“We’re getting two things out of this,” she said. “We’re getting a better plan and a better strategy for how to manage production of tissues using microgravity environment, and we’re getting a model that’s going to tell us what would happen in terms of lung repair on long-term spaceflight.”

While astronauts get to work in experiments inside the station’s lab facilities, the Canadian and Japanese robotic arms will remove a cosmic ray detector carried inside the Dragon’s external payload bay for mounting on a facility outside the station’s Japanese Kibo module.

Derived from an instrument carried aloft on high-altitude balloons, the Cosmic Ray Energetics and Mass, or CREAM, payload will spend at least three years sampling particles sent speeding through the universe by cataclysmic supernova explosions, and perhaps other exotic phenomena like dark matter.

Scientists think the subatomic particles could hold the key to unlocking mysteries about the universe.

Four small satellites inside the Dragon capsule will be transferred inside the space station for deployment later this year.

The biggest of the bunch, named Kestrel Eye 2M, is a pathfinder for a potential constellation of Earth-imaging spacecraft for the U.S. military. About the size of a dorm room refrigerator, the Kestrel Eye 2M satellite was developed by the Army’s Space and Missile Defense Command over the last five years.

While satellites the size of Kestrel Eye lack the fine imaging capability of large commercial and military spy satellites, they cost significantly less and could be spread around the planet in fleets of dozens or more.

Battlefield troops could connect with one of the satellites as it soars a few hundred miles overhead, ask it to take a picture of a nearby target, then receive the image, all within a few minutes.

“The concept is to have warfighters to task and receie data directly from the satellite during the same overhead pass,” said Wheeler “Chip” Hardy, the Army’s Kestrel Eye program manager. “The objective Kestrel Eye imagery data can be downlinked directly to provide rapid situational awareness to our Army brigade combat teams in theater without the need for continental United States relays.”

From the space station’s altitude around 250 miles (400 kilometers) up, Kestrel Eye 2M’s optical camera will be able to spot objects on Earth’s surface about the size of a car.

The Army has not approved development of further Kestrel Eye satellites. The demo craft set to launch Monday will be employed in military exercises with Pacific Command over the next few years, and Pentagon officials will evaluate its usefulness before deciding whether to press on with the program.

Three CubeSats will also be ferried to the space station for release from a ground-commanded deployer in the coming months.

The ASTERIA CubeSat during ground testing. Credit: NASA/JPL-Caltech

The ASTERIA mission, developed by a team at the Massachusetts Institute of Technology and NASA’s Jet Propulsion Laboratory in California, seeks to test miniature telescope components that could be used in future small satellites to observe stars and search for exoplanets. ASTERIA is about the size of a big shoebox and weighs around 26 pounds (12 kilograms).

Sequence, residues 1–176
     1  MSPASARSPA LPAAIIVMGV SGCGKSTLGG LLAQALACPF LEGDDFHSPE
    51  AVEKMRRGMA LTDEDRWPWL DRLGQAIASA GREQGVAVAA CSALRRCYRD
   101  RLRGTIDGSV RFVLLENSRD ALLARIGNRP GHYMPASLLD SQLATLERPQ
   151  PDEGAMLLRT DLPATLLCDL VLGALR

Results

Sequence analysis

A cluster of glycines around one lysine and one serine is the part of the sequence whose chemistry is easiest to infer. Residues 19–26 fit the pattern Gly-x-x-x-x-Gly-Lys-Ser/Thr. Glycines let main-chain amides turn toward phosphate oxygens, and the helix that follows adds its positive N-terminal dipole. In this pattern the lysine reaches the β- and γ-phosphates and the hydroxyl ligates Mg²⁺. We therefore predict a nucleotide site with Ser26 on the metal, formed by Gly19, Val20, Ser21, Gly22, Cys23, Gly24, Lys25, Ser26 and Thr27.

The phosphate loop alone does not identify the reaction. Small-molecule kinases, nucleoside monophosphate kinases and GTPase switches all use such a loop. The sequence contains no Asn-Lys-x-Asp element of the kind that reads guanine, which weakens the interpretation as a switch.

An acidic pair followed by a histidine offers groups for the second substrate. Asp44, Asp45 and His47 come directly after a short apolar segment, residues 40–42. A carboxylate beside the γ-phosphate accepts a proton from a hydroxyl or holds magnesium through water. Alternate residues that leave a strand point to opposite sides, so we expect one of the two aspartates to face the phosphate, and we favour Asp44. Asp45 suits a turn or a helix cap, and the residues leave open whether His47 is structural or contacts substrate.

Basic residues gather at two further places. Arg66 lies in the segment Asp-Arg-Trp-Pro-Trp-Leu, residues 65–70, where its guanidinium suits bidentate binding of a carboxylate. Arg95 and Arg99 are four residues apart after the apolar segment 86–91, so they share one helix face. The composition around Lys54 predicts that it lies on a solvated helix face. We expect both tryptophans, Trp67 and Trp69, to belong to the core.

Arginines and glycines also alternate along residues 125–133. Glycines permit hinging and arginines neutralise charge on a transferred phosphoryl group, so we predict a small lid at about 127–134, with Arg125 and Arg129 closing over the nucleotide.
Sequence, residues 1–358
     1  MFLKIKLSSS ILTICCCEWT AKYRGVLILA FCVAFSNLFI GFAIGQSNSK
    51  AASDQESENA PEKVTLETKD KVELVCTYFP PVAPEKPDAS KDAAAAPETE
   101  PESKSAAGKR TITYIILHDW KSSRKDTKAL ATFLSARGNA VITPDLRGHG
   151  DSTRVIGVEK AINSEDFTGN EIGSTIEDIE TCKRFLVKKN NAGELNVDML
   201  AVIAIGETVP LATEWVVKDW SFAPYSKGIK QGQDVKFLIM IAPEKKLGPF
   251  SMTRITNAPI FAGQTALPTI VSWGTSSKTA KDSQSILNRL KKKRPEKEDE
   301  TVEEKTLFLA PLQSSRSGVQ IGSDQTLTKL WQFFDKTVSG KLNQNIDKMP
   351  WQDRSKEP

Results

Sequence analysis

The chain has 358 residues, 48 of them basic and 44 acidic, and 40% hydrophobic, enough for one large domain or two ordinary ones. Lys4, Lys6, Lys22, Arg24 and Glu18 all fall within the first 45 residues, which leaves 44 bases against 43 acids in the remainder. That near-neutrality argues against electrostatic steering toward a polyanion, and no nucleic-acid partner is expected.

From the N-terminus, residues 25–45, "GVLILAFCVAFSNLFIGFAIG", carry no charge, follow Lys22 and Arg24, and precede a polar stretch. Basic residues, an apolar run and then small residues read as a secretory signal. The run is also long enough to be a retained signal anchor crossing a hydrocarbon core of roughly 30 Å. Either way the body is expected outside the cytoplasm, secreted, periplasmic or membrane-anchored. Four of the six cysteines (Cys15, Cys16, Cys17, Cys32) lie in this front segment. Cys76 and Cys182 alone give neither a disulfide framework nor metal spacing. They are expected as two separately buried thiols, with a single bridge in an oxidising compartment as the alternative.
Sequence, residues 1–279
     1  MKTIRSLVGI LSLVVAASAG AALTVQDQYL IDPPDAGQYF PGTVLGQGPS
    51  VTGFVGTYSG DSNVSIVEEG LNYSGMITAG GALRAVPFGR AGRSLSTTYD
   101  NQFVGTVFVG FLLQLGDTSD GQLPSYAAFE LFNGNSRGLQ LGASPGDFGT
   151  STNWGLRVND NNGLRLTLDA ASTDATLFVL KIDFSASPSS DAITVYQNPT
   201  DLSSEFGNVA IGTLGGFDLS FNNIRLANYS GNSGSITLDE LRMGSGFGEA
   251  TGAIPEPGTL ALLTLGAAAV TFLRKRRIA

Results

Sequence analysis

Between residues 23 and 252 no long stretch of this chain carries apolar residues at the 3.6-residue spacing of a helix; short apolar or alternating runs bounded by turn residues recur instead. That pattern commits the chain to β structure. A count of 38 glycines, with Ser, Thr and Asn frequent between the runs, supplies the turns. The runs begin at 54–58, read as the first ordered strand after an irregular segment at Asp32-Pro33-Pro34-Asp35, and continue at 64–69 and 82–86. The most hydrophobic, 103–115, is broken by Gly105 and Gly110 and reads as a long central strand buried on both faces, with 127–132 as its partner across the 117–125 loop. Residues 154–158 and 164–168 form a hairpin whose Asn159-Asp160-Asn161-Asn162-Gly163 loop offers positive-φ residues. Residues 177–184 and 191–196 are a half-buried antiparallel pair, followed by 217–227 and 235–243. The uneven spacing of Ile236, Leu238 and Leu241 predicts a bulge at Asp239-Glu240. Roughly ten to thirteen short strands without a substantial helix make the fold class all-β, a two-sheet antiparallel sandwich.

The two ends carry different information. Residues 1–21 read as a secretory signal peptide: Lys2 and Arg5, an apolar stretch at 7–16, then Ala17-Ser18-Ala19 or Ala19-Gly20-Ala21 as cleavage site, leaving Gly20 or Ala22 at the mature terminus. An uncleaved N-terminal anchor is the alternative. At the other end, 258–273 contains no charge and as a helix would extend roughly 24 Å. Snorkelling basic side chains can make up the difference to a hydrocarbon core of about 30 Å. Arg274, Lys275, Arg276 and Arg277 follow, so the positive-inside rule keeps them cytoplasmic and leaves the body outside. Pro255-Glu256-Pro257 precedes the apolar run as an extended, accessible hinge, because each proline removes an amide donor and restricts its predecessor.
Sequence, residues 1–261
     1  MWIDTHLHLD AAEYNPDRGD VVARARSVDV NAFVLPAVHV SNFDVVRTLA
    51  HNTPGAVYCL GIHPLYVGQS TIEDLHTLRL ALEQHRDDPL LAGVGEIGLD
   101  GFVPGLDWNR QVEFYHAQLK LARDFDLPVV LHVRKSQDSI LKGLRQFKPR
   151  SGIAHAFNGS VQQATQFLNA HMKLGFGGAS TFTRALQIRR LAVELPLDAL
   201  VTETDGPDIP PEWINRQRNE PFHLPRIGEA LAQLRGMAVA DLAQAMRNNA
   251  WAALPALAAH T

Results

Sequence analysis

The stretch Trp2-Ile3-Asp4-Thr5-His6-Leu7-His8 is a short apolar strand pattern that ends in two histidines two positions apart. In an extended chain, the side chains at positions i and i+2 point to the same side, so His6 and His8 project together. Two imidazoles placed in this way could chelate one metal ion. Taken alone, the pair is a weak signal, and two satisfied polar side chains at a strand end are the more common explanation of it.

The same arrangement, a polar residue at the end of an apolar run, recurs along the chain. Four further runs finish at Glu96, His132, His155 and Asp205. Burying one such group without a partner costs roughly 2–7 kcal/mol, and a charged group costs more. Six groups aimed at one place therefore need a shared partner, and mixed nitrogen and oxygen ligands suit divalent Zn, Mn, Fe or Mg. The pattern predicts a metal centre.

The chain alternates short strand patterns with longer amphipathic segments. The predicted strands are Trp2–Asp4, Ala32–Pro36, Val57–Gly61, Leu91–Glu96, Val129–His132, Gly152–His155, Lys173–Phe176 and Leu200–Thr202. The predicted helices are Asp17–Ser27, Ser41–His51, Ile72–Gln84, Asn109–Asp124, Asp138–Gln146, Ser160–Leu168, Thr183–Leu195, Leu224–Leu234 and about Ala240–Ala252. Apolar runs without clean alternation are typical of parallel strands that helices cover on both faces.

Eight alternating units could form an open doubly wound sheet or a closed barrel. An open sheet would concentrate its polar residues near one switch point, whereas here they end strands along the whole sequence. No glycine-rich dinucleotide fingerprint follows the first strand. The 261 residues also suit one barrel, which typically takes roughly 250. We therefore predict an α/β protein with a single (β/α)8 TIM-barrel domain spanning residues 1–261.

Astronomers and engineers want to know if a CubeSat like ASTERIA can hold pointing to the precision necessary for stellar observations, and designers will also measure the performance of the focal plane inside an on-board telescope.

The Dellingr project spearheaded by NASA’s Goddard Space Flight Center in Maryland aims to prove out a new type of microsatellite design that is more reliable than conventional CubeSats.

Around the same size as ASTERIA, the Dellingr CubeSat, named for the mythological Norse god for the dawn, took around three years to design, build and test. Officials said the effort was not always easy, and managers had to define a balance between affordability and reliability.

Engineers tried using commercially-available components and software, but testing revealed many of the parts were inadequate for the level of reliability sought for Dellingr, which carries a sensor suite to study the sun’s influence on Earth’s atmosphere.

“It’s a new way of doing things,” said Chuck Clagett, Dellingr project manager at Goddard. “We were applying old ways to doing things to an emerging capability and it didn’t work very well.”

But officials said the extra testing paid off, and Dellingr is now ready to fly after helping reduce the risk of unforeseen problems on future missions  NASA has approved work on a follow-up CubeSat incorporating Dellingr’s design and lessons to make measurements of Earth’s ionosphere.

Another CubeSat named OSIRIS-3U from Penn State University launching Monday will study space weather.

Working in coordination with the Arecibo Observatory, a giant radar antenna in Puerto Rico, OSIRIS-3U will fly into a region ionosphere heated to simulate the conditions caused by solar storms.

OSIRIS-3U will collect data on the electron density, temperature, and content in the region of space stimulated by radar emissions, according to a fact sheet released by NASA.

The Dragon spacecraft is scheduled to depart the space station Sept. 17, bringing home more than a ton of research specimens and other gear for a parachute-assisted splashdown in the Pacific Ocean southwest of Los Angeles.

Email the author.

Follow Stephen Clark on Twitter: @StephenClark1.